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I miss it already. Corner Office. For many moons my favorite Sunday morning read.

On Sunday, October 27, the New York Times posted Adam Bryant’s final Corner Office column. 10 years. 525 interviews with CEOs, gleaming their wisdom and insight on what they know about leading a business, condensed into a half-page read. Hiring the right talent. Creating high-functioning teams.And the lessons they learned along the way that got them to the top.

Let me be clear. I LOVED Corner Office more than most any business book I have read. I am in mourning.

Good for us, Adam Bryant went out with a bang. In his final column Bryant synthesized some key recurring themes from his decade of speaking with CEOs. Here’s the one question that instantly seized my attention:

What are some common traits successful CEOs have in common?

Hint: A similar background or straight career trajectory are NOT a common factor. Successful CEOs often came from decidedly unexpected backgrounds and schoolings. Many do not fit the stereotype of the straight-A student and class president predestined for great success. Some have backgrounds in music, theatre and education. Some had decidedly low grades in school.

No, the common traits of successful CEOs center on specific leadership qualities and mindsets. Here are Bryant’s TOP 3. CEO or not, I urge you to integrate them at once in your everyday life:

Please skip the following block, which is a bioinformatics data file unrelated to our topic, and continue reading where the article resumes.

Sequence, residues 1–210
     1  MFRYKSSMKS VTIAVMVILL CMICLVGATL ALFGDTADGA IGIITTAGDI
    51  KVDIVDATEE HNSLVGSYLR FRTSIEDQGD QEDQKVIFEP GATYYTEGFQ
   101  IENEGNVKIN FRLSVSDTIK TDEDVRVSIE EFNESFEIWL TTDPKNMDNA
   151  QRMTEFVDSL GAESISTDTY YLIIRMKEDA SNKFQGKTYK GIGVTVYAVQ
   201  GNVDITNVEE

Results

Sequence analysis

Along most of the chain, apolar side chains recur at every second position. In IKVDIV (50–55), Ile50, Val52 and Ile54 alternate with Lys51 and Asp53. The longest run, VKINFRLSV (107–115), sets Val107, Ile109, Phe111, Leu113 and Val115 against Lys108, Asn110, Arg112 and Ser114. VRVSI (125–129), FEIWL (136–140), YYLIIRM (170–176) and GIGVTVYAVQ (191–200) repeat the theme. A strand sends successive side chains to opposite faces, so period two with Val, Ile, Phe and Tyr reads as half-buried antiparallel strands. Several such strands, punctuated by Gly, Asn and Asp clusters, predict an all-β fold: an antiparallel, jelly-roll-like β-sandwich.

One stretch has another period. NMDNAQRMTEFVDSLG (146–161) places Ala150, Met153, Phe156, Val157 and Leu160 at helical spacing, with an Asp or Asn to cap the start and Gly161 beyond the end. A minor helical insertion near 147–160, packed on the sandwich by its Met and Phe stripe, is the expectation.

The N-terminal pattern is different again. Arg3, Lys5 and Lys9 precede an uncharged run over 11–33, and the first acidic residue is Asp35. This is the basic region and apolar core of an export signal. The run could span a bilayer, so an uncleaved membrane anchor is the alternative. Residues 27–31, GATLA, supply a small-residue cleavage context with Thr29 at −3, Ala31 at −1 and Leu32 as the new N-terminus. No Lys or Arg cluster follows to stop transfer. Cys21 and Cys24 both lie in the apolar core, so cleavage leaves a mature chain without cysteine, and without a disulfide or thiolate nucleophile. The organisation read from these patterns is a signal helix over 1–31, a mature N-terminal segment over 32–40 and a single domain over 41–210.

1. Apply Curiosity

Question everything. Make this a habit. Be curious about how things work and how things might work better. Be curious about people and their back stories. Choose curiosity. Avoid the trap of thinking that you know it all, know better, know because what you know worked in the past. Show up every day with a curious mind and apply this curiosity in all transactions. Be vigilant in your curiosity.

  1. Make Discomfort your Comfort Zone

Don’t avoid conflict. Don’t go into denial when the warning signals go off. Do not exaggerate challenges but certainly do not minimize them, either. Instead, choose to stay close to the fire. Will that be uncomfortable? Likely yes. Consider discomfort part of your job description. The more comfort we find in feeling the heat, the quicker we contain or harness the fire. Avoidance does not beget success. Choose discomfort.

  1. Excel in your Current Job

It sounds so so obvious but let me spell it out. Sure, have aspirations. Be mindful of company politics and career tracks. But you will NOT advance if you don’t excel in your current work. Focus on present-day excellence over your career trajectory. Stay in the present moment. Solve problems every day. Motivate others every day, challenge the status quo every day. Do NOT show up as a hungry and ardent career climber, even in moments when you may feel impatient with your current role or the scope of your influence. Choose success right here, right now.

As I read through what I just jotted down I feel reaffirmed. So simple. These CEOs know. And come to think of it, not all that hard to apply. Thank you Adam Bryant, thank you CEOs for 10 years of practical and enlightened leadership wisdom.

Now on to everyday leadership impact. Simple, yes?